Jimmie’s Party

I wrote a while ago about Jimmie, the young man at my church who was shot to death in a local restaurant. About a month after I wrote, I saw posters that said there would be a party, a sort of benefit in Jimmie’s honor, in order to establish a scholarship fund in his name. I didn’t think too much more about it. I wasn’t up for a concert at the local college.

Then our pastor called and asked the hubby and me to work at the benefit. He said he needed pizza and pop servers. We were leaving for Ohio early the next morning, and I wasn’t sure I wanted to help, but I kept thinking about Jimmie’s mom. I kept thinking that we never know what God saves our children from, and I kept thinking that she was trying to make sense out of the whole thing. So I went.

The hubby and I got there about half-way through the concert. There was a slide show with pictures of Jimmie and his family. There was a LOT of pop and cookies. The hubby and I watched as sixty pizzas were delivered. Then we listened.

First Jimmie’s sister got up to speak. She talked about missing her brother. She read things that she had found in his journals. She cried some. We all cried when she read a poem entitled “When You See Me with My Eyes Closed.” There was no way Jimmie could have known what would happen to him, but he died just a little bit before 3AM, and his poem told people not to give up when they saw him with his eyes closed, falling down, down as the clock struck three. I don’t know what could have even put that idea in his head, but his sister said that she thought her brother would not want his death to make people bitter or to make them hate. That somehow, he would want good to come from it.

Then Jimmie’s mom got up and talked. The kids who visited the funeral home had, at her request, written down their favorite memories of her son, and she shared some of them. Then she made the point that the only way to see Jimmie now was to make sure that you went to heaven. For that reason, our pastor was there to counsel people. Jimmie’s grandpa and uncles were there handing out tracts. And I thought to myself that I was so glad I had come because if ever anyone had taken what the enemy meant for evil and turned it for good, it was this family. Jimmie’s family.

That wasn’t even the end, though. Kids had filled out tickets for a drawing when they entered the concert, and Jimmie’s mom and sister drew names and gave out gift cards and other things in Jimmie’s honor,  maybe because they wanted people to have a good memory of his passing, to blot out the ugliness of what happened that one night at 3AM.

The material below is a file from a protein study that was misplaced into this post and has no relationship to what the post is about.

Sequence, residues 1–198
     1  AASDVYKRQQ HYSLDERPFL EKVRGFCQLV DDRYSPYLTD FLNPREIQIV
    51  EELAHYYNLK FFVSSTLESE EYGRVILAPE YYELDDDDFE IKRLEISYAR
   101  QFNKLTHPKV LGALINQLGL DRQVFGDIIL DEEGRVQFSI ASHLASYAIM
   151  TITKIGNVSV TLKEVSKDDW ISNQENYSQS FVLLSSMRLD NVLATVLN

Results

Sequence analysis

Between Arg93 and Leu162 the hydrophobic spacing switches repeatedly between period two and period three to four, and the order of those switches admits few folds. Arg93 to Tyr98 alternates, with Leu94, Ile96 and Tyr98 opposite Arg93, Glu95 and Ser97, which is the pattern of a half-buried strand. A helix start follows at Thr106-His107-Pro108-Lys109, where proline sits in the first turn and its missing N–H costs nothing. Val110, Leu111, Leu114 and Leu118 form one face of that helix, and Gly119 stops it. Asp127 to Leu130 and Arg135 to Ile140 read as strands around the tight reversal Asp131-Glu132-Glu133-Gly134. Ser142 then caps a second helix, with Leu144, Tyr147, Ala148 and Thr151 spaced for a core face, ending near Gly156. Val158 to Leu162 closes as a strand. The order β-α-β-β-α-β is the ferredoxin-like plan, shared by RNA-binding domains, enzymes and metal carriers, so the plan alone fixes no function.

Jimmie’s mom asked for prayer for the other young man who was shot that night. As far as we know, he is not a Christian. Although he did come home from the hospital briefly, he is back in now, battling infection and having a hard time of it.

And then it was over. We stood ready to serve the cookies, the pop and the pizza, but those were not the major draws. People went to buy T-shirts made up in Jimmie’ s memory, the purchase of which would help the scholarship fund in his memory. They hugged. They talked. And then they left. But eating was not high on their list of priorities (although some of the young men looked like they had hit the jackpot when we started sending them home with boxes of pizzas).

I don’t know this for a fact, but I think that Jimmie’s mom used some of his insurance money to fund this “party,” to reach out to the young people of our community. There have been a lot of deaths in the past few years, a lot of reasons for kids to wonder. She gave them a party where they could find the answer. And the way she did it, I thought, showed those young people that death is not the end!

I don’t know if I could have been as brave and selfless as Jimmie’s family was to put on this party. Handling tragedy in this way is really unique. It was a joyous memorial to the boy that they loved and its impact, I think, will last far longer than they could ever imagine. And not just through the scholarship fund, either.

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December 2007
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